July 30th marks the International Day of Friendship. A day dedicated to reminding us of each other, building bridges and friendship among people, countries and cultures. Created by the UN General Assembly in 2011, this day comes with the hope to inspire peace around the world - fostering a culture of understanding, equality and communication.
“If children learn to live together in peace and harmony that will contribute to the strengthening of international peace and cooperation.”
Communication lays the building blocks for friendship. We ant to support out young people, our future leaders, to enhance their ability to communicate effectively, develop a healthy emotional intelligence and sustain lasting friendships.
The Importance of Friendship
At all ages, friendships provide support and promote wellbeing. For children, friendships aid their social and emotional development and helps them to learn how to interact with others. Social skills are enhanced, self-confidence heightens and mental health is supported. When children don't have friends, it is often associated with feelings of rejection, loneliness and unhappiness. Therefore, it is important t help our children to develop positive friendship skills so that they can begin to lead happy, healthy and productive lives.
As children grow, they should be developing these positive friendship skills. The below table identifies what skills they should be developing through the milestones and what you need to do to support their growth.
How you can support your child’s friendship skills
Parents, carers and school staff have important roles to play in helping children develop friendships. They set examples for children to follow through the ways they manage relationships. Having the opportunity to talk will allow them to feel supported, improve social skills and talk through problem solving. Here’s how you can help:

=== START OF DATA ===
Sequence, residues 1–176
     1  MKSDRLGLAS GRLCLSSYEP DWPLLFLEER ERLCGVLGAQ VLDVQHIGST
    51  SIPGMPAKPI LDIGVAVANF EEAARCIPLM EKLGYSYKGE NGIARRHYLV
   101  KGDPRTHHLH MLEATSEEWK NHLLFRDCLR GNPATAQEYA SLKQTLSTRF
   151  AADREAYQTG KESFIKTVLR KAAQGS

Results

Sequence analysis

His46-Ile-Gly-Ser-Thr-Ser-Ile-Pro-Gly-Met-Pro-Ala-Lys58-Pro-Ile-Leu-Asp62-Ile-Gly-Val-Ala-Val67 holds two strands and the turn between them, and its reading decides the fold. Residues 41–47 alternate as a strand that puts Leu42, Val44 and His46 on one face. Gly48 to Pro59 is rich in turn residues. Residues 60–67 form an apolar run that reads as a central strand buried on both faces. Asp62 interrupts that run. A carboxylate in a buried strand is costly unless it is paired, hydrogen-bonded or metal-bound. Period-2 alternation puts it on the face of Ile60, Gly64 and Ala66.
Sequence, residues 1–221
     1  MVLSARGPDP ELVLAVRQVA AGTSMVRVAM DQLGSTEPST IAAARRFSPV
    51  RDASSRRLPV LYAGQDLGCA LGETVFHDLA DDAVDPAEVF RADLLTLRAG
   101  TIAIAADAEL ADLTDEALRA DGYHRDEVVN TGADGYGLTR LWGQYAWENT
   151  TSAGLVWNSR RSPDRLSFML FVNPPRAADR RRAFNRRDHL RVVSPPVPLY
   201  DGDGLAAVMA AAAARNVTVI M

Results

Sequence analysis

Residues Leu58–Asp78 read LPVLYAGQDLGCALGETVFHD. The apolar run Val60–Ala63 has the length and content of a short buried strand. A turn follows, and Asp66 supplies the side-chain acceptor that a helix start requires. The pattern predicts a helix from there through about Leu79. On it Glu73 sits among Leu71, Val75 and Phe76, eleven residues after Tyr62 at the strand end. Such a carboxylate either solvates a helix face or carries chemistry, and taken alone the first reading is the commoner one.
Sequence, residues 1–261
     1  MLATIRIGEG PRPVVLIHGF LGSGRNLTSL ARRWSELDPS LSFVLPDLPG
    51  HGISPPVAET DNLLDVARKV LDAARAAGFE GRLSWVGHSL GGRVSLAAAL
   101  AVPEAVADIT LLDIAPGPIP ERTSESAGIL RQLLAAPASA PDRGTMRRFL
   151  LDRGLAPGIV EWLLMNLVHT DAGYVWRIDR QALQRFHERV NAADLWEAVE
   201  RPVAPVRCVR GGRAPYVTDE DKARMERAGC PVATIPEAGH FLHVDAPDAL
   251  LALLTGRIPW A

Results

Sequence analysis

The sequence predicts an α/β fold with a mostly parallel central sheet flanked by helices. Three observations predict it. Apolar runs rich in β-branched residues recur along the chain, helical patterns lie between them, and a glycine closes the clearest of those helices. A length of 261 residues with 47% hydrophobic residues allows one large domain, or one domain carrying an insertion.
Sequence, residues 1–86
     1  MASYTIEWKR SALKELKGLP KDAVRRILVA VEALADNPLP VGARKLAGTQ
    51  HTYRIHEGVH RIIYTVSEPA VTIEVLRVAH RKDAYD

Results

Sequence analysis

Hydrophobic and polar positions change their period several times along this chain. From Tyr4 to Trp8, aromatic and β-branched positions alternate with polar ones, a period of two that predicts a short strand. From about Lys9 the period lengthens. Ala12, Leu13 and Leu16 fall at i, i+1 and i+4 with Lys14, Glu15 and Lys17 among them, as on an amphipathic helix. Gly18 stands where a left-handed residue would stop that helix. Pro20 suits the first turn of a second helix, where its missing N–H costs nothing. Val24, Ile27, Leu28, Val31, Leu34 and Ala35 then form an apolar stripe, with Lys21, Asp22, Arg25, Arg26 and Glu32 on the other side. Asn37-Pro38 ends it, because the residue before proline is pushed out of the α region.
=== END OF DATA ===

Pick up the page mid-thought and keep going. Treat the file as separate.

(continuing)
Promote Peer Play
Children gain experience and learn important social skills from playing with friends. For children who are still learning how to get along, it can be helpful to plan what to do before having a friend over for a play date. This could involve deciding whether to share all of their toys or only some, or encouraging them to think about what games the other child would like to play when they arrive. Teach positive social skills.
Teach Positive Social Skills
Observe your child to work out the negative social behaviours your child uses too often and the positive social behaviours they could use more. Little things like smiles, looking at the person, knowing names and using a confident, friendly voice can make a big difference when making friends. Being able to better control negative emotions and paying attention to the needs and wants of others are also very important. Teach one behaviour or social skill at a time and make sure the child is able to do it before introducing another skill. Show your child what to do. You may act out the situation and even demonstrate what to say. Take turns ‘acting’ until your child can demonstrate what to do. Don’t be too serious. Make it a fun experience.
Be a coach
Coaching is critical for helping children use new skills in real-life situations. Coaching involves prompting, reminding and encouraging (but not nagging!) children to use the skills they have learned. Coach your child to practise positive social skills in everyday situations with family members and friends. Support children’s learning by giving positive feedback and praise.
Help to solve conflicts
Talking problems through with a supportive adult helps children to think about what happens, how they feel about it and what to do next. Thinking things through like this helps to build more mature social skills.
Exerpts adapted from www.kidsmatter.edu.au